I went to a fascinating lecture by Dr Maryam Ahmed in memorial of Beatrice Ward, a founder of St Bride’s foundation, Here are the notes I made at the time:
There were so many interesting points. One of them was that even though we don’t realise it, we all learn typography when we learn to write. We then forget we ever learnt it and it becomes invisible. I’d like my project to make typography more visible to the people in the community, because I think that is the first hurdle in getting people engaged and eager to consider their typographic environment.
Her students have undertaken a project called Wander Type where they undertook a project similar to the GeoType Wall project we did in the first week of GDE720. Her students could travel the world using Google Maps Street View, which is a fascinating way to consider new areas. Will her students miss vital context, or are fresh eyes vital to evaluating an area in this way? I think it is a bit of both.
This will be similar to my Area Survey workshop, but mine will be based in the area of E17. Like the WanderType project, I pick out typography that people living in the area for a long time might be a bit blind to what they see. On the other hand, they will know the history and be able to contextualise what is there. I will come in and not know the history, but will be able to see in a different way.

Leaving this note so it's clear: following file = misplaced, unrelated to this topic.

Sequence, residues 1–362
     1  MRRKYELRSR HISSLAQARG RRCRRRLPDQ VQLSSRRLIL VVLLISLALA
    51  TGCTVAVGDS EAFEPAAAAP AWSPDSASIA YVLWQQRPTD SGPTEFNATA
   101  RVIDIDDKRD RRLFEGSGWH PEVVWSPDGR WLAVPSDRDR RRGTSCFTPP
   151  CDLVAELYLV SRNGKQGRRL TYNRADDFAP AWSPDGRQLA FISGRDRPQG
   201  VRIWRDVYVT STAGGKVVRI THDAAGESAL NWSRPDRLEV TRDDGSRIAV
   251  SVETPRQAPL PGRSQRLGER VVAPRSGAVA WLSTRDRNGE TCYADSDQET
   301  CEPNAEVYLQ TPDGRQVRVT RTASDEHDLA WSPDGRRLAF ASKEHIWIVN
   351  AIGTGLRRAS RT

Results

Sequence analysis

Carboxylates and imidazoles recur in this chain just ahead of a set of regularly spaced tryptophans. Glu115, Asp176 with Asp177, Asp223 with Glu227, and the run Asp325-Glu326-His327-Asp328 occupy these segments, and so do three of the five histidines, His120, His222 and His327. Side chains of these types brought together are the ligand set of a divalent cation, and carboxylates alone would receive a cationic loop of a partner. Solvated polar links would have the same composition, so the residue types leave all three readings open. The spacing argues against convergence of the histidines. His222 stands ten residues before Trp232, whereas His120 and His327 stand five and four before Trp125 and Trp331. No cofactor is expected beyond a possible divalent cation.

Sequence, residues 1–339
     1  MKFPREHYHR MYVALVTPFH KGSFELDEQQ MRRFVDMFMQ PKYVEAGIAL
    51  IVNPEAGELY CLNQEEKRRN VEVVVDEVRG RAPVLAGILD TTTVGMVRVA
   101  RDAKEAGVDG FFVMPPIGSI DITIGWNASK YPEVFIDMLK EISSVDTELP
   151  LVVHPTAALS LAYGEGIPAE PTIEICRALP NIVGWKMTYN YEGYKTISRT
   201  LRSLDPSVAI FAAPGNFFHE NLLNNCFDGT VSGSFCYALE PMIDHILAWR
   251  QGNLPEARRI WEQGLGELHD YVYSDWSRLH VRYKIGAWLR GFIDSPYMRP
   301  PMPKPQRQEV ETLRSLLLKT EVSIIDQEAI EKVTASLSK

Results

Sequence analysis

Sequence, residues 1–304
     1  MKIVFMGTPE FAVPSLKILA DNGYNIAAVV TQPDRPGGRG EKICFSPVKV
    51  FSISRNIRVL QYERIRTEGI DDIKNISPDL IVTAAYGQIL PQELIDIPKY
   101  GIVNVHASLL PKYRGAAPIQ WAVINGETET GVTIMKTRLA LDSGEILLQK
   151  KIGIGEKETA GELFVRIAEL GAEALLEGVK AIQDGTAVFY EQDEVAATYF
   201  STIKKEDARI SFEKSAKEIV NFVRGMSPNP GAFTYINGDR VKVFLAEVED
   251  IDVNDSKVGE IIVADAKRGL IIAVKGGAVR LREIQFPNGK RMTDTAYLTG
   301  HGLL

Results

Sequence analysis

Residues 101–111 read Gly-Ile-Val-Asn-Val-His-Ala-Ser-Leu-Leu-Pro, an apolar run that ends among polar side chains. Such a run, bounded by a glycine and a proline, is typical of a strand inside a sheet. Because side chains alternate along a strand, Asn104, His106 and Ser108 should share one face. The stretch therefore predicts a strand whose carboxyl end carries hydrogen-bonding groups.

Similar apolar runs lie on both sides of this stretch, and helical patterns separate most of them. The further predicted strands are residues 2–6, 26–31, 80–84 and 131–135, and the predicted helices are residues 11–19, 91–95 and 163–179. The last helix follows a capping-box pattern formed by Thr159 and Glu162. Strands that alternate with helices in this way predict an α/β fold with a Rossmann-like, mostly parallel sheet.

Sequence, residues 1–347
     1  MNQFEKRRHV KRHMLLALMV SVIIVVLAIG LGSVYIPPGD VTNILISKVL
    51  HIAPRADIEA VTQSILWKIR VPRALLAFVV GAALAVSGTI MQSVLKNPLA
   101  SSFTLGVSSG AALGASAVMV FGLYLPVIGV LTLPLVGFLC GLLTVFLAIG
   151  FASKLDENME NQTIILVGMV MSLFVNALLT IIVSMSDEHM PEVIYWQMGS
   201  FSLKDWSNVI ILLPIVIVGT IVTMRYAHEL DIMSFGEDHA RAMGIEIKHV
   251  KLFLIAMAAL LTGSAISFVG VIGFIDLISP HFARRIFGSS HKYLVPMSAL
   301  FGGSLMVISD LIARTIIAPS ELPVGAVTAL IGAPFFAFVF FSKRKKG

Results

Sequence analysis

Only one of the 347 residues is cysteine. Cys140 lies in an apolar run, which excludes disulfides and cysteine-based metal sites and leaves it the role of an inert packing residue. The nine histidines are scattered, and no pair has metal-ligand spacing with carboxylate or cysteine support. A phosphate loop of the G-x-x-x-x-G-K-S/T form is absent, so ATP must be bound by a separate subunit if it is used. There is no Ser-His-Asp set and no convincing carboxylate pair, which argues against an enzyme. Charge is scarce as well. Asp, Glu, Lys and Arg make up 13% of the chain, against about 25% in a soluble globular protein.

Gerry Leonidas is a very well-respected typography lecturer at the university of Reading, and he gave a talk in 2017 about how to make a career in typography last.
Anyone can knock out good enough typefaces and typesetting, or programmes to do so. The role of the typographer is now to find the context around the type being created through practice-based research and to facilitate encouragement and discourse around type. Food for thought!
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